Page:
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NEWTON COUNTY, GEORGIA -
Q) Which is correct?
1) 3 past presidents came from Newton County,
2) The County was named after Mad Magazine’s Alfred E. Newton,
3) A Mosque is setting up a paintball and survival course on 135 acres,
4) None of the Above
(OK, maybe it isn't #2, try #3)
Newton County lifts moratorium on mosque
By: Marium Zafar |- last Updated: September, 14, 2016 at 7:30 a.m.
Eleven years ago, Mohammad Islam built a house of worship inside a small ranch home in Doraville, Georgia. A decade later, the Al Maad Al Islami mosque went from opening its doors for a few members to hosting over 200 people for Friday evening prayers, according to CNN.
The upsurge of Muslim people in the community called for a properly established place of worship, so in August 2015, Islam sealed his purchase of a 135-acre plot 40 miles southeast of Atlanta with Newton County’s approval for the construction of a mosque and cemetery, according to CNN.
Executive Director of Council on American-Islamic Relations’ Georgia chapter Edward Ahmed Mitchell said the moratorium issued on Aug. 16 was unconstitutional.
“The county said it imposed the moratorium to address legitimate concerns about outdated ordinances. Although we thought otherwise, we’re willing to put that behind us. As long as they lift the moratorium, let bygones be bygones,” Mitchell said.
However, this isn’t the first time state officials have balked at the building of mosques. The Council on American-Islamic Relations has records from 2009 to 2015 of more than 40 cases of community interference with mosque plans – many of which occurred in Georgia.
Kennesaw’s 2014 rejection of an application for a mosque situated in an empty shopping center and the Lilburn City Council’s 2009 dismissal of the local mosque’s expansion, with the two councils revoking their decision after receiving lawsuits from the U.S. Department of Justice.
City councils claim they oppose mosque construction due to community concerns about traffic, noise and property value, but some residents tell a different story.
On Aug. 22, AJC journalist Meris Lutz reported on the Newton County’s hearing at Covington courthouse, during which a majority of the speakers cited concerns over terrorism and Muslim assimilation in the community.
“Some expressed fear that the mosque would become an al-Qaida training camp or impose Sharia law on the community,” he reported.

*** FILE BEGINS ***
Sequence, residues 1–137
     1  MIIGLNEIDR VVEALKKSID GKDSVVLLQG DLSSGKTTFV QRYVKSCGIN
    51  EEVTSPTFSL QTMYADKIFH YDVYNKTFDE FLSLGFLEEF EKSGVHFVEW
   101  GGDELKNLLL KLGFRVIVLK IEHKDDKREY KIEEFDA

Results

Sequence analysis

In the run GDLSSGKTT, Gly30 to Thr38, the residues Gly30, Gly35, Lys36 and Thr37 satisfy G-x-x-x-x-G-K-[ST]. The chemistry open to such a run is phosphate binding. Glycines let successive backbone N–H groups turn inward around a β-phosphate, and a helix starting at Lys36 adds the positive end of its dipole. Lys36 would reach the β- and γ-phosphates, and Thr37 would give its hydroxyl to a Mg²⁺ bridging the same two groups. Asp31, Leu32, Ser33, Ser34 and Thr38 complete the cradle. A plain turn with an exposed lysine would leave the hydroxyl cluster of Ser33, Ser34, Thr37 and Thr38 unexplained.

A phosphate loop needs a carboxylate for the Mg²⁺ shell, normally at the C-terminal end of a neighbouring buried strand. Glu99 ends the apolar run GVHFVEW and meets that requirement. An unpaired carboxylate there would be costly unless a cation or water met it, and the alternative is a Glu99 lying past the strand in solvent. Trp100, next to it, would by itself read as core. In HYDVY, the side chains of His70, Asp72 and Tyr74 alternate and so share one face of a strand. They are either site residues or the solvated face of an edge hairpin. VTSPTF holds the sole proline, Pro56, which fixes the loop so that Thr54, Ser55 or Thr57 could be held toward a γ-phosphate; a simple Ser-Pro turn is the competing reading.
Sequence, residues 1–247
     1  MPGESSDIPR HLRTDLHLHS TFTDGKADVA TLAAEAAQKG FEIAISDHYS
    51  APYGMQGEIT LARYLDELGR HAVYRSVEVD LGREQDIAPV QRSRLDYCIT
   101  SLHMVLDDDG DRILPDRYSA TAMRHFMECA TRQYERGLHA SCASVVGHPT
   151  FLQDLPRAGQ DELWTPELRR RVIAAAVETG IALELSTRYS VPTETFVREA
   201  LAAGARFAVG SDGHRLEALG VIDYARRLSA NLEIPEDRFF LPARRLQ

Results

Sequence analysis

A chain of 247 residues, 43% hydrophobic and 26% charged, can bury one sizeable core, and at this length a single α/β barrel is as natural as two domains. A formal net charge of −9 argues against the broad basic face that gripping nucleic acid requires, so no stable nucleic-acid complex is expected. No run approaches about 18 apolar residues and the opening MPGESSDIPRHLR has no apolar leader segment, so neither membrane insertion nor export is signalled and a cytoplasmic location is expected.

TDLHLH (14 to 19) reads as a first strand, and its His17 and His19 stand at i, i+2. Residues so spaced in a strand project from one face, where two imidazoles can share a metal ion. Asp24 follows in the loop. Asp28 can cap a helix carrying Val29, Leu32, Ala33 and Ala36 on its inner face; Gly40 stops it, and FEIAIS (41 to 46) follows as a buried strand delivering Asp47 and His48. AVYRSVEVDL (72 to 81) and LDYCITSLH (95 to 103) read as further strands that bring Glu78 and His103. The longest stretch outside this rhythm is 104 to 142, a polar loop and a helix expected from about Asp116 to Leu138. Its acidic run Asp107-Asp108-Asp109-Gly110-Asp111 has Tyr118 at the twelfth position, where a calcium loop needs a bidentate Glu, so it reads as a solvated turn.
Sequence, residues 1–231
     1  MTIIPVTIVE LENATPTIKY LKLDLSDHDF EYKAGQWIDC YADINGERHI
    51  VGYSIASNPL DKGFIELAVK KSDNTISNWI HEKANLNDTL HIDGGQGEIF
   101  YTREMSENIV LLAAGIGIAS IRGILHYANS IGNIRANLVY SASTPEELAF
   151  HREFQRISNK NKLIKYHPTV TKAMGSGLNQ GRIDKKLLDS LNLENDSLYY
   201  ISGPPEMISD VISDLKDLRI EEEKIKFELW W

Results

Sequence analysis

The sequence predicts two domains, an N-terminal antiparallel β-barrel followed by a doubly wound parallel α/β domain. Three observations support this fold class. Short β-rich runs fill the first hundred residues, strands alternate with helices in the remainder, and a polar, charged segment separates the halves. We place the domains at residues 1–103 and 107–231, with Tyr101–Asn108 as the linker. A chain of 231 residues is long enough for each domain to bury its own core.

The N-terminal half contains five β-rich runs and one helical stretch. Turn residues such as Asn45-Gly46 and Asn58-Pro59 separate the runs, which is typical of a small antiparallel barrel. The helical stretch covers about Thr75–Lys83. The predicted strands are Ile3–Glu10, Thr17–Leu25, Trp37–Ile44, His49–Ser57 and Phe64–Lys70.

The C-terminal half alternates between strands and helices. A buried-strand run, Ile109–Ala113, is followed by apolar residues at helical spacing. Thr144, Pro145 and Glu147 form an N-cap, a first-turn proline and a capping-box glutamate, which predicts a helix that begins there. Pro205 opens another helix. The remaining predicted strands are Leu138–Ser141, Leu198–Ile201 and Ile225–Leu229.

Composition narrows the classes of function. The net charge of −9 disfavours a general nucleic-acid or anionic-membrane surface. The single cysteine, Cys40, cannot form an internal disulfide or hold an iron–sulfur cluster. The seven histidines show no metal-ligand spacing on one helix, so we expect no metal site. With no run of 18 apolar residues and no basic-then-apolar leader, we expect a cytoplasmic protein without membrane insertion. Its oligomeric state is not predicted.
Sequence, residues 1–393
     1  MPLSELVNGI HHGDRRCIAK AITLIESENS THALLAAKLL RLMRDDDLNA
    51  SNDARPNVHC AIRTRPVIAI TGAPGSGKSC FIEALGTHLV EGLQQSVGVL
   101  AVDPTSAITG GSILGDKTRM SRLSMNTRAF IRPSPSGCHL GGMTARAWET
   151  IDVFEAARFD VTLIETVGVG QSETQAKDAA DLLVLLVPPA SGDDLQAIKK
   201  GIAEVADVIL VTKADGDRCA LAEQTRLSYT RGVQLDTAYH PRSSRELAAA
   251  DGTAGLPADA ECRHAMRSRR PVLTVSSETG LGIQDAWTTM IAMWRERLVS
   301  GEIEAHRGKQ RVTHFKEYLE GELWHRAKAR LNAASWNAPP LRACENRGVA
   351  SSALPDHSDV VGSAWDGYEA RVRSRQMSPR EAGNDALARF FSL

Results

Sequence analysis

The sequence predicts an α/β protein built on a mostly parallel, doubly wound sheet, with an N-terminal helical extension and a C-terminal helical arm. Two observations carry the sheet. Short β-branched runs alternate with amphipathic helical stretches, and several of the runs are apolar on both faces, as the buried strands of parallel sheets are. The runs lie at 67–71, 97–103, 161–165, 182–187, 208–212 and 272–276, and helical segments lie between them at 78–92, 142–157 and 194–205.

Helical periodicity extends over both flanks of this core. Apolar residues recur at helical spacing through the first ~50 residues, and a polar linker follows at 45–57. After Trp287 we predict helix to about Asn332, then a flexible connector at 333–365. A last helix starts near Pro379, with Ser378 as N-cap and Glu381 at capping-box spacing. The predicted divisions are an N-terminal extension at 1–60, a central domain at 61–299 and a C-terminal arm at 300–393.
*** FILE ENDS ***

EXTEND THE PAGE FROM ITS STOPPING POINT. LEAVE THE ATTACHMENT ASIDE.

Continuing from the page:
For Muslim Americans like Perimeter college education major Nabila Khan at Dunwoody campus, said the public’s Islamophobic perception is the fault of the media.
“The media has portrayed Islam in such a bad way that people have no other choice but to think that Islam is wrong. So I don’t blame people for being confused, but at the same time, we shouldn’t be ignorant and believe everything we see on the news,” she said.
Khan mentioned her local mosque is a vital part of her community, not just for Muslims but for non-Muslims as well, because it opens up conversations about Islam through youth programs and weekly lectures.
Hafsah Qazi, Georgia State Computer science major at the Altanta campus, also values her local mosque.
“I go to the masjid to strengthen my relationship with Allah (swt) and connect with people of many different backgrounds who share the same beliefs as me,” she said. The masjid is a safe, peaceful place which allows people to come together and worship and pray, as well as build a strong, thriving community.”
Georgia State’s distinguished university professor of political science, Jennifer McCoy, PhD, said these fears can be traced as far back as 2001 and even more so during recent times due to attacks in the U.S., Europe, Turkey and Bangladesh.
“They have also been inundated with misinformation that comes in talk shows and even the presidential campaign. The natural fear is thus intensified by myths that are repeated non-stop in social media and the radio,” she said.
According to McCoy, people tend to listen to a single source of usually opinionated news that may reinforce their beliefs rather than challenge them, then “the fears and conspiracies they dream up become even stronger,” which is why mosques that represent concentrations of Muslims may appear disquieting.
“We need individual citizens, political candidates and news media to all challenge myths that are repeated as fact whenever we hear them,” McCoy said.
Imam Islam has already taken a position of open communication and encouraged interfaith dialogue in response to some of the residents’ Islamophobic reactions. Islam plans to visit multiple churches in Newton County over the next few weeks and invite community members to visit the mosques.
As CAIR’s GA representative, Mitchell also holds Islam 101 talks and outreaches to conservative, Republican and tea-party organizations to address their concerns about Islam. He also promotes open discussion between Muslims and non-Muslims in communities.
“For some people, there is no distinction between radical terrorist and normal Muslim. Even though there are terrorists who consider themselves Christian, no one blames the church for inciting terrorism because everyone knows what a normal Christian is like. Some Newton County residents don’t know Muslims and thus, can’t make the distinction,” he said.